This is the question that artistic director Valerie Green has begun exploring in her new work. Many understand “Utopia” to mean the perfect place. But the word’s meaning in Latin—“nowhere”—proves that Utopia is much harder to conjure and define, even in our imaginations.
On neither earth nor in Heaven, Utopia straddles the physical and the spiritual. Valerie is investigating whether Utopia is an external place, in the traditional sense, or if it might perhaps exist internally.
I caught up with Richard Scandola, first year company member (and our resident charming Frenchman), to find out a little bit more about the creation process.
How did Valerie begin the work?
She asked us what Utopia means to us, internally, and to find the word that resonates in us when we think about Utopia. She also asked us what felt safe for us or unsafe. And that wasn’t related to Utopia, they were two different questions that she put together during the process.
What words resonated for you Utopia?
I thought about safety, peace, high technology, like futuristic, and I also think about… not science fiction but magic. A childish vision of Utopia, I think.
And what about words for safety?
That’s more personal, deeper. Safety could be my apartment, my bed, the beach, being in nature.
Each dancer has a solo in the piece…tell me about yours.
She created the solo from these two questions, of course, and she integrated all of the safety, un-safety thoughts in the piece too. We can find it in different places and relate to different people. Example: claustrophobia. We have a moment in the piece when one of the dancers is stuck in-between the poles and she can really feel the poles coming back at her.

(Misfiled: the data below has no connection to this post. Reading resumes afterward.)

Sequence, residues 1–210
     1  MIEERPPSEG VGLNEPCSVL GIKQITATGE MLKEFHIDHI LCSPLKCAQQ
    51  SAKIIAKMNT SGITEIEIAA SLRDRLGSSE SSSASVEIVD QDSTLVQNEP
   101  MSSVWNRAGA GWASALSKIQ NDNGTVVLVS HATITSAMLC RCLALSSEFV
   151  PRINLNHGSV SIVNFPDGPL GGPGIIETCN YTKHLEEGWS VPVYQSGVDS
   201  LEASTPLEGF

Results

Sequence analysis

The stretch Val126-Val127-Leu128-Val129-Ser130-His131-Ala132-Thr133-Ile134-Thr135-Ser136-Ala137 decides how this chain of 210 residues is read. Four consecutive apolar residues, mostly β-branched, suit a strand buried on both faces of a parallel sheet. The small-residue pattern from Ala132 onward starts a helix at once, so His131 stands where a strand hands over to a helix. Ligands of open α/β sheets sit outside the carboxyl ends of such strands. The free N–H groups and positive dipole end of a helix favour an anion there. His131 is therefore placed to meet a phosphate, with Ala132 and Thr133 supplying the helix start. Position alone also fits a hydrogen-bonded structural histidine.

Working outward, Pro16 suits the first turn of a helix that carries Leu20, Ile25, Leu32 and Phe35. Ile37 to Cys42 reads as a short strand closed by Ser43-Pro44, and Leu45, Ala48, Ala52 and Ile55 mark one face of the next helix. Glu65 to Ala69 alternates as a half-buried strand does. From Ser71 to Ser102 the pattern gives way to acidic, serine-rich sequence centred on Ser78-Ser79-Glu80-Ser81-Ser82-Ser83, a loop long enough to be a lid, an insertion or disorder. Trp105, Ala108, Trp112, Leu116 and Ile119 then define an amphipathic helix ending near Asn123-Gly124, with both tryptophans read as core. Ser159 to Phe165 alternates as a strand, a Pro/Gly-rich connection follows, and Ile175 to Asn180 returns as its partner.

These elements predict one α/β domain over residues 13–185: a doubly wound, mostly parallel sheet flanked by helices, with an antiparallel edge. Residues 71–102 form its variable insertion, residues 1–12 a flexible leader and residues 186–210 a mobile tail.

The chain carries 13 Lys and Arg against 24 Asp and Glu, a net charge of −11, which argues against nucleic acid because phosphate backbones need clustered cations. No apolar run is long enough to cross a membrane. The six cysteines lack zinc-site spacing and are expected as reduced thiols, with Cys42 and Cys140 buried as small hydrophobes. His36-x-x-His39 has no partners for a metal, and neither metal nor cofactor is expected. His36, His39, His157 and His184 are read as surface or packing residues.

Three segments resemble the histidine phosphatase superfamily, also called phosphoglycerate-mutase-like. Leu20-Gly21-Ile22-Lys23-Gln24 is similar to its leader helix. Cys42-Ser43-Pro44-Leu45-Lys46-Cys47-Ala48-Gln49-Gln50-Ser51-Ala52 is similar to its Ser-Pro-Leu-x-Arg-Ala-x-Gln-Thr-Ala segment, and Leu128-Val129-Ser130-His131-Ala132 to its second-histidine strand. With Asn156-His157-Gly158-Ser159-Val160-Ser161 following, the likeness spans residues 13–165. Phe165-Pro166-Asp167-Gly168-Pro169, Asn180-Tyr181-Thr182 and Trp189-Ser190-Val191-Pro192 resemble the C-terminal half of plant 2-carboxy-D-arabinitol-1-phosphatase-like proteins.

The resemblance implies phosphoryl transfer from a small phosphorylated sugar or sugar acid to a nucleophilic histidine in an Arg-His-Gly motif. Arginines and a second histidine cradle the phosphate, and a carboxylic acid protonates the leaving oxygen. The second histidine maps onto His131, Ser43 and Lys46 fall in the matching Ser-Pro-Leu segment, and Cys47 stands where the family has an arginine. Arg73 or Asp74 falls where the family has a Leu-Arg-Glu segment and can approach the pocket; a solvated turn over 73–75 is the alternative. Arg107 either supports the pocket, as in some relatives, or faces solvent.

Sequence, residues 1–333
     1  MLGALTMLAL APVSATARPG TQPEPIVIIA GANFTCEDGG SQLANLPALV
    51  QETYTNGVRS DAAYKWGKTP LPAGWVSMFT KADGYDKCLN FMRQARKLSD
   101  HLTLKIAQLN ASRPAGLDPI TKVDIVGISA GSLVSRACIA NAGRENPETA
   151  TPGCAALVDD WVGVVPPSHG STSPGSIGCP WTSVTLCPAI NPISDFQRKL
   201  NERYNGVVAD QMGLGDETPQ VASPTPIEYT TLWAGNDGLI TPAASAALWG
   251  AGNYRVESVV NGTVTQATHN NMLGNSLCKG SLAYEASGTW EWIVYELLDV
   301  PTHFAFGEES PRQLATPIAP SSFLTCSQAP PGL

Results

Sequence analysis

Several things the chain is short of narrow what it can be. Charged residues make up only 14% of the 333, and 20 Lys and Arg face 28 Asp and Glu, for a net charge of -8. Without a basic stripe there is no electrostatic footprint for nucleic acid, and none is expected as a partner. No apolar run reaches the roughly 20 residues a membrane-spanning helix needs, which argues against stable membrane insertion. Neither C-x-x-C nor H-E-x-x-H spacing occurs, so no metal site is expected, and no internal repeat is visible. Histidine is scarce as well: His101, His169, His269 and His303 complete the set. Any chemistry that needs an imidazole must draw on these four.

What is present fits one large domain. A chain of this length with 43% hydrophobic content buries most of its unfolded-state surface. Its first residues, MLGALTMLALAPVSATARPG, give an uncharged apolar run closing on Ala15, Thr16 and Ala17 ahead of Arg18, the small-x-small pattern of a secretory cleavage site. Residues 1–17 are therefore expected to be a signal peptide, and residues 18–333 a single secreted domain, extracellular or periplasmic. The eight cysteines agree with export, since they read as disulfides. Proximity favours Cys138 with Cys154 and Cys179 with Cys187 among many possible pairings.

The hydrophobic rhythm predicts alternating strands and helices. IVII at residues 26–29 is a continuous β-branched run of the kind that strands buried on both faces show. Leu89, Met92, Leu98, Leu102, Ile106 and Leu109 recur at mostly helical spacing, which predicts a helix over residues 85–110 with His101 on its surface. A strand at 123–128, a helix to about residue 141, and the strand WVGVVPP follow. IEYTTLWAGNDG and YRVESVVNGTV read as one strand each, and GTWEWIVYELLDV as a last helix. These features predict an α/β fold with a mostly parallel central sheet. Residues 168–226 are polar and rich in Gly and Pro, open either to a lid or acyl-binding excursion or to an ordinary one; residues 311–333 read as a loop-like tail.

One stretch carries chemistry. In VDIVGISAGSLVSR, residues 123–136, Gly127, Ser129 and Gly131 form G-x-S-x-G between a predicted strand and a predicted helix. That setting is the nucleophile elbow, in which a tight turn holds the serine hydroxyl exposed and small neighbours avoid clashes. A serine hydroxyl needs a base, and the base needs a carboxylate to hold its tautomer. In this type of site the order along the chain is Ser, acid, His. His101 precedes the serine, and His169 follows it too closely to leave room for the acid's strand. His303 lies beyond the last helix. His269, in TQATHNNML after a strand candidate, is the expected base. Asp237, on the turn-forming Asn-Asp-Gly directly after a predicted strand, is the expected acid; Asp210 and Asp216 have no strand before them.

What is it like to dance with the huge (ten-foot) pillars?
It’s hard to make them stand up. It depends on the quality of the floor, if it’s flat or not. It depends–if there’s air conditioning or heat turning on, it’s more air. The movement that we do is vibration, so all of this makes the pillars move very easily. So that’s the hardest part, having them still where we want them and not have to readjust for 10 hours.
But manipulating them is pretty much included in the movement. It’s just finding the way to hold them depending on the movement. It’s not that difficult. It’s not so heavy, not for me. For Erin they’re tall, so it’s a little bit harder for her.
Is it one of the stranger props you’ve danced with?
I’ve danced with walls on wheels before….it’s kind of cool to dance with props actually. [Both the walls and the pillars for Utopia] are props and décor. And we might have costumes that are part of the décor too. It’s cool!
Come see a work-in-progress showing of Utopia:
January 16, 2018
Open Performance @ Movement Research
New York City, NY
January 19, 2018
Richard Scandola is a native of southern France where he performed with Les Ballets des Alpes Maritimes, Horizons, and Corps Accord. Richard moved to New York City to study in the Cunningham Summer Intensive and in Limon Institute PSP program, where he discovered a special affinity with this technique and met Jim May, who became his mentor. He soon became one of the dancers of the Sokolow Ensemble in 2012. He has since worked with Barkin/Selissen Project, Brice Mousset OUI Danse, HT Chen Dance and Dancers, Overground Physical Theater, Shadow Box Theatre as a dancer and puppeteer, and co-director for the show The Earth and Me. Richard kindles his passions for photography and spiritual healing by offering treatment and inspiration to others. He’s currently working on different dance projects and creating his unique performance style. Richard began working with Dance Entropy in 2017.